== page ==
Fitness centres are special places where conditions for microbiological proliferation should be considered. Moisture due to human perspiration and water condensation as a result of human physical activities are prevalent in this type of buildings. Exposure to microbial contaminants is clinically associated with respiratory disorders and people who work out in polluted environments would be susceptible to contaminants. This work studied the indoor air contamination in three gymnasiums in Lisbon. The sampling was performed at two periods: at the opening (morning) and closing (night) of the three gymnasiums. The airborne bacterial and fungal populations were sampled by impaction directly onto Tryptic Soy Agar (for bacteria) and Malt Extract Agar (for fungi) plates, using a Merck MAS-100 air sampler. Higher bacterial concentrations were found at night as compared to the morning but the same behaviour was not found for fungal concentrations. Gram-negative catalase positive cocci were the dominant bacteria in indoor air samples of the studied gymnasiums. In this study, 21 genera/species of fungal colonies were identified. Chrysosporium sp., Chrysonilia sp., Neoscytalidium hialinum, Sepedonium sp. and Penicillium sp. were the most prevalent species identified in the morning, while Cladosporium sp., Penicillium sp., Chrysosporium sp., Acremonium sp. and Chrysonilia sp. were more prevalent at night. A well-designed sanitation and maintenance program for gymnasiums is needed to ensure healthier space for indoor physical activity.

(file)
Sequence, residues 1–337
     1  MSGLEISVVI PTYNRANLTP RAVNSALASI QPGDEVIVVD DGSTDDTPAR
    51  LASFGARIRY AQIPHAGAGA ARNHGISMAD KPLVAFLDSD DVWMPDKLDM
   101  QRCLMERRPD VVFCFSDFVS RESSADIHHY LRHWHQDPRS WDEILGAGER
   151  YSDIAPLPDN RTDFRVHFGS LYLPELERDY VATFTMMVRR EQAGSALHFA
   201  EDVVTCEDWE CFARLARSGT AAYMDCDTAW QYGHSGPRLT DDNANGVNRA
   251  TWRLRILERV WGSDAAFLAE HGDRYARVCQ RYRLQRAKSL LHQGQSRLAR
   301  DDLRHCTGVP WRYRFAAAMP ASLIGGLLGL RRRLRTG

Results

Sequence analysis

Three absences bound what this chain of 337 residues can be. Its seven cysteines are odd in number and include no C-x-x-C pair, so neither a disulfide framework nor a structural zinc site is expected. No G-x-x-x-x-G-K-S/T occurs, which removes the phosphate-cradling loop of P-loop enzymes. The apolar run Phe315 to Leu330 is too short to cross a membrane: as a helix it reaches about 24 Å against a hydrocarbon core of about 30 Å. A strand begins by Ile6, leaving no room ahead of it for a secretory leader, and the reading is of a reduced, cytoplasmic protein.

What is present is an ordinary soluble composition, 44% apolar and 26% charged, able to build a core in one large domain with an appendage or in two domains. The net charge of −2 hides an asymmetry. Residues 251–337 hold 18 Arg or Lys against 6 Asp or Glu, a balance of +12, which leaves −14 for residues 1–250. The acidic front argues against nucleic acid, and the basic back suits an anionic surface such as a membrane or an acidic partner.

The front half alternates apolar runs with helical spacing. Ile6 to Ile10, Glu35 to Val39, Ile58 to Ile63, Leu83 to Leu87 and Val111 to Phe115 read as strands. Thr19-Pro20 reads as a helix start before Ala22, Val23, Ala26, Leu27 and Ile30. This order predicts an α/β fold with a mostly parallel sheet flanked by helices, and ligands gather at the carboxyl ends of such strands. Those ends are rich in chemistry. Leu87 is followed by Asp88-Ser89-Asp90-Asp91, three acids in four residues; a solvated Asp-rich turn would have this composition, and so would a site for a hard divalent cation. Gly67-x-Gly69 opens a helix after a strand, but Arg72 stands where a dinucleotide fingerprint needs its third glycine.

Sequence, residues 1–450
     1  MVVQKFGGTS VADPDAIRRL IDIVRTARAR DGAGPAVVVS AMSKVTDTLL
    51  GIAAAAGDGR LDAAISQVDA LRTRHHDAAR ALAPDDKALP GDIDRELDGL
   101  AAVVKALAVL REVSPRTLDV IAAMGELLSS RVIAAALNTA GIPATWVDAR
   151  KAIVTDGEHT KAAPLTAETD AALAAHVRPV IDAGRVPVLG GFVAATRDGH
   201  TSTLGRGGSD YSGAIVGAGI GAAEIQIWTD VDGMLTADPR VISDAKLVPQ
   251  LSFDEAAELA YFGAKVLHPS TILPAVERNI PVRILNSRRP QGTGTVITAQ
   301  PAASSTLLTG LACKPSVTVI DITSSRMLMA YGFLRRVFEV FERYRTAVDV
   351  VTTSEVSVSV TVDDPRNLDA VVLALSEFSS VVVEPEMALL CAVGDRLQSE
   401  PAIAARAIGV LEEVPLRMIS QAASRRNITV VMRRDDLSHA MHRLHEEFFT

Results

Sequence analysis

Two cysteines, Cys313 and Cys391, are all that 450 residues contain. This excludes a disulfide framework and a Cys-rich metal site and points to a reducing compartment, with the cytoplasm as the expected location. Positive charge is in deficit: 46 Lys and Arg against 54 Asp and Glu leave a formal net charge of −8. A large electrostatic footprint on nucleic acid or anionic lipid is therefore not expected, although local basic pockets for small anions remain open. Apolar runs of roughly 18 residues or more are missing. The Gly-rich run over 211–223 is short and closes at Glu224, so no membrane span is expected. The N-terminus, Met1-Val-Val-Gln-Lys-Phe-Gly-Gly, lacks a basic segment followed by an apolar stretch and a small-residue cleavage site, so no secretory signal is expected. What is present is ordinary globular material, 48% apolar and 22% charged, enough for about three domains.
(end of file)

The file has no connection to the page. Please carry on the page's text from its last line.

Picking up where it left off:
- Fitness centres
- Indoor air